The first thing I saw this morning was this video my sister posted about becoming especially emotional about.
I wrote long ago about being enough. It's been a sensitive topic for a long time for me—false expectations, realistic goals, perceptions of oneself and how it's all comparable. Then, when I watched that little video above on Dove's new campaign, I was reminded yet again that we girls have it tough.
We are, in fact, oftentimes our own worst enemies.
Women are, as a whole, exceptionally hard on ourselves—and incredibly so when it comes to our appearance. While I'm not saying that guys don't deal with similar issues, I'm willing to bet it has a lot more to do with masculinity, of which I can't relate to. The problem here is that we girls are just so feminine. And we have it especially tough because femininity in society is almost directly related to the way we look— which means that when our appearance doesn't add up to what we deem "ideal," we assign ourselves a lesser value.
Which is so dumb. We do we constantly scrutinize our appearance?
I wish my cheekbones were higher, my thighs were thinner, my hair was thicker, my legs were longer, my boobs were bigger, my lips were fuller. —quoted, Ainsley.
What? I am a guilty guilty guilty party in scrutinizing myself, fixing myself, covering up my flaws and hoping no one notices. Seeing a girl with beautiful, full lips and noting how thin mine are. Noticing someone's legs for days and hiding my short ones underneath the table. But I know for a fact I'm not alone. Because, just like in the video, our self-perception today is so skewed by what we deem ideal that we aren't seeing the true beauty assigned to each of us.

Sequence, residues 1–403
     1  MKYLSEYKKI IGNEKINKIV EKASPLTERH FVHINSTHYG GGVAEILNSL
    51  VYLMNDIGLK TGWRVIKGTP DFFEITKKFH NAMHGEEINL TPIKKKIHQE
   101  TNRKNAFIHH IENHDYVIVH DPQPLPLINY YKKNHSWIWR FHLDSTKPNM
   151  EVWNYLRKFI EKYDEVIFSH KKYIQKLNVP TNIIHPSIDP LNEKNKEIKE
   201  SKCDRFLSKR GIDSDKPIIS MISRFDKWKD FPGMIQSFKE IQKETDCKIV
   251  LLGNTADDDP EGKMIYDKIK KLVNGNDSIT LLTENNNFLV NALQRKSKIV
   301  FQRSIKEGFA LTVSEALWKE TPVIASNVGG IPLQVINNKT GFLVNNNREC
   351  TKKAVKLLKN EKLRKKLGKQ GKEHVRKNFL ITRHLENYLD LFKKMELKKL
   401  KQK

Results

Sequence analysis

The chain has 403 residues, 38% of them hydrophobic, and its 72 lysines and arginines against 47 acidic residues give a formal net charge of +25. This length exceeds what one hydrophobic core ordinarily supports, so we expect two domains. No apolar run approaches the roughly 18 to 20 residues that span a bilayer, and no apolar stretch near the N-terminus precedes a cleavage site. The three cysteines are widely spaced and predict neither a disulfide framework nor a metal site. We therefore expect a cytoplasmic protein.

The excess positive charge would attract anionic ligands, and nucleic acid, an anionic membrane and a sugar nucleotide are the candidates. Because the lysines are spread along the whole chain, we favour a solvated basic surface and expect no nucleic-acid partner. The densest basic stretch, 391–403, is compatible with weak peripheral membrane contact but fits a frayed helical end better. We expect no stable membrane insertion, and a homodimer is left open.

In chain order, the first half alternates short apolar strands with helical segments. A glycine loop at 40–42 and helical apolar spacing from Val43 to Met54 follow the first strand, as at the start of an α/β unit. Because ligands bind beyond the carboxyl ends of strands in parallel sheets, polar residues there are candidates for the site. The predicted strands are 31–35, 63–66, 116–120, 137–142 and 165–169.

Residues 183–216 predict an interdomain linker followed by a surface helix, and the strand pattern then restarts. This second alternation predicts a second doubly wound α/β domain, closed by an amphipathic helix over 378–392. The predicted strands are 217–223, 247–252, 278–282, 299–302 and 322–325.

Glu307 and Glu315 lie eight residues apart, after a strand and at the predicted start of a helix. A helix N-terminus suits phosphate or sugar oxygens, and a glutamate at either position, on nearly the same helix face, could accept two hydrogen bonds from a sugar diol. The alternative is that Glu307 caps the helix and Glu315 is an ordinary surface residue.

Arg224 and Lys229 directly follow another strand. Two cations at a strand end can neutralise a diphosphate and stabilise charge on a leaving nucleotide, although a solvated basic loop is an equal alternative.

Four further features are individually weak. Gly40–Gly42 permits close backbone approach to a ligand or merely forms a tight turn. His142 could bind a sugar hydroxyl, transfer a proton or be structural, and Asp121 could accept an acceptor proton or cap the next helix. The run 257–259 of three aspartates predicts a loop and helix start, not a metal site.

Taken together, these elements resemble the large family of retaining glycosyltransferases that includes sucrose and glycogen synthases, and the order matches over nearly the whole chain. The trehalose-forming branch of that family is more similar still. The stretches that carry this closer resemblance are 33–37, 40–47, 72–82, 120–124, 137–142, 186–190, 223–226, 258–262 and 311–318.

Self-improvement is a good thing, when expectations are realistic—I love nothing more than a new self-improvement goal. But I'm realizing now that my efforts of "improving myself" are often because I feel as if I'm not standing tall against the societal definition of beauty, and not because I want to improve on the attributes I was uniquely given. We're each made this way intentionally, and that's how we should think of ourselves. Those "wrinkles" at the corner of my eyes are from laughing, and I am thankful for reasons to laugh. Stop desiring to be thinner and start desiring to be stronger. There is a difference in taking care of yourself (what we should be doing, as a gift to ourself) and wishing to change yourself—the ultimate goal being to improve on and take care of what we have... not wish for something different or change it. And I think changing our mindsets to thinking this way not only makes us more at peace, but more beautiful as well. Because above all else, being good to your soul lights up your face and that's where the true beauty is.
Daily gratitude: A body that works and soul-sharing.